Staff members work at the NATO Headquarters in Brussels, Belgium, March 24, 2022. (Xinhua/Zheng Huansong)
*In addition to strengthening deployments on the eastern flank, NATO is also recruiting new members on the north wing.
*"In itself, the alliance is rather a tool sharpened for confrontation. This is not an alliance that ensures peace and stability," Kremlin spokesman said.
WARSAW/MOSCOW, April 16 (Xinhua) -- Transferring massive weapons to Ukraine, massing a large number of troops in eastern Europe, and welcoming Sweden and Finland to join the alliance, NATO has been very much engaged itself so far in the conflict between Russia and Ukraine.
Analysts say NATO's disregard of Russia's legitimate concerns on security issues and its continuous expansion is the root cause of the outbreak and escalation of this conflict. If it continues to slim down the small buffer zone left between Russia and itself, the situation will undoubtedly go worse.
DEPLOYMENT IN THE EAST
NATO's eastern flank usually refers to the three Baltic countries, namely Estonia, Latvia and Lithuania, as well as Poland, Slovakia, Hungary, Romania, and Bulgaria.
Before the escalation of the Russia-Ukraine conflict, NATO deployed one combat force in each of the three Baltic countries and Poland, and implemented a rotation mechanism with non-permanent garrison troops there.
NATO's Secretary General Jens Stoltenberg (C) attends a press conference at the NATO Headquarters in Brussels, Belgium, March 24, 2022. (Xinhua/Zheng Huansong)
But for now, NATO doubles the size of the four above-mentioned combat forces and declared four new NATO battlegroups in Bulgaria, Hungary, Romania, and Slovakia at the NATO summit held last month.
NATO is seen by many as a Cold War vestige, and has been questioned over the necessity of its existence after the end of the Cold War.
The military alliance promised in the 1990s that it would not expand "one inch eastward," according to then U.S. Secretary of State James Baker. However, led by the United States, NATO has expanded eastward five times since 1999, increasing the number of member countries from 16 to 30, advancing more than 1,000 km eastward, and reaching the Russian border.
RECRUITMENT IN THE NORTH
In addition to strengthening deployments on the eastern flank, NATO is also recruiting new members on the north wing. NATO Secretary General Jens Stoltenberg has repeatedly said that if Finland and Sweden apply to join NATO, NATO will welcome them and ensure that their entrance will be accepted soon.
In a recent interview with The Telegraph, Stoltenberg said that the alliance is "in the midst of a very fundamental transformation" that will reflect "the long-term consequences" of Russia's military operation.
Both Finland and Sweden have long pursued a policy of military non-alignment. After the disintegration of the Soviet Union, NATO has failed to win over the two countries several times.
But now Finland and Sweden made some changes in their positions in face of the Russia-Ukraine conflict, delivering anti-tank weapons and ammunition to Ukraine.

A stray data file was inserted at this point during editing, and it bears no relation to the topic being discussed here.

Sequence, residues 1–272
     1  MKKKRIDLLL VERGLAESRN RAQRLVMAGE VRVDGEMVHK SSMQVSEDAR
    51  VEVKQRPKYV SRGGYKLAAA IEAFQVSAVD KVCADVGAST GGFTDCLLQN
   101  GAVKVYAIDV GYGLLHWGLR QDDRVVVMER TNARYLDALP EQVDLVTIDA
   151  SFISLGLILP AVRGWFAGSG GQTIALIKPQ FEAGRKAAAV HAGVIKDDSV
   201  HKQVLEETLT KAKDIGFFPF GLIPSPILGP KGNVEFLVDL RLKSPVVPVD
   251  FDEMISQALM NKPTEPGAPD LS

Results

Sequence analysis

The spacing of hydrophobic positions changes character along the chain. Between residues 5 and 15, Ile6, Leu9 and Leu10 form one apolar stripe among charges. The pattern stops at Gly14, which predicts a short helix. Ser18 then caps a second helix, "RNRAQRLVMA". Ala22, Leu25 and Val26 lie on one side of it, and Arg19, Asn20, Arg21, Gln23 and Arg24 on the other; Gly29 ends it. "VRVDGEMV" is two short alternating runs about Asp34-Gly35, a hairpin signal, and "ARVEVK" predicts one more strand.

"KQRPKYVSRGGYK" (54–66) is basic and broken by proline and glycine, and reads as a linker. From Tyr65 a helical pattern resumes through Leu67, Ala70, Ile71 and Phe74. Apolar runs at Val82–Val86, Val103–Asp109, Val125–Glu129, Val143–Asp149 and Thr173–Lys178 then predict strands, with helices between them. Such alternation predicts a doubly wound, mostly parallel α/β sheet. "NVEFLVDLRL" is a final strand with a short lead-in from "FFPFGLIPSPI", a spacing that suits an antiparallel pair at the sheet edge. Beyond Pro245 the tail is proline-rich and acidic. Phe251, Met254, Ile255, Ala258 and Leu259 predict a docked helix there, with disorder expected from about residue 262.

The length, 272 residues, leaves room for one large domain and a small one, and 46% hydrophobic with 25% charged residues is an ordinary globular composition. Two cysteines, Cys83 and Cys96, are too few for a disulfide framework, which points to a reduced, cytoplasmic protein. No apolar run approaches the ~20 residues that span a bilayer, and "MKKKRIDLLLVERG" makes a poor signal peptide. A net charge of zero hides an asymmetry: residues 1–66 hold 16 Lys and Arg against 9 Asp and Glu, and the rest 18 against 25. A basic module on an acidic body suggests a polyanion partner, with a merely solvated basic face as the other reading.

Some analysts point out that before the escalation of the Russia-Ukraine conflict, Russia had repeatedly confirmed and confided its red line to both the United States and NATO, for which both showed a total disregard. If NATO continues to fan the flames such as taking in new members, it will lead to further escalation of the situation.
When answering a question about the prospect of the countries which may join NATO, Dmitry Peskov, press secretary of Russian President Vladimir Putin, told reporters on Monday that further expansion of NATO, including the admission of Finland and Sweden into the alliance, will not contribute to security in Europe.
Photo taken on March 10, 2022 shows the Kremlin in Moscow, Russia. (Xinhua/Bai Xueqi)
"In itself, the alliance is rather a tool sharpened for confrontation. This is not an alliance that ensures peace and stability. Further expansion of the alliance, of course, will not bring additional security to the European continent," the Kremlin spokesman said.
Dmitry Belik, a member of Russia's State Duma Committee on International Affairs, said on Monday that NATO seeks to build up its military presence near the Russian borders, but the entry of Finland and Sweden into NATO will not benefit these countries, and "Russia will not watch this indifferently."
"This issue seriously affects our security, so we will be forced to take retaliatory steps," he told the Izvestia newspaper.
"The accession of Finland and Sweden to NATO puts them in a very difficult position," he added.
According to military expert Viktor Litovkin, in the event that Finland and Sweden decide to join NATO, Russia will justifiably strengthen the Russian-Finnish border, as well as the entire water area of the Gulf of Finland.
"Russia will have to strengthen ground forces and air defense, deploy significant naval forces in the Gulf of Finland in the event of Finland and Sweden joining the alliance," the expert noted. ■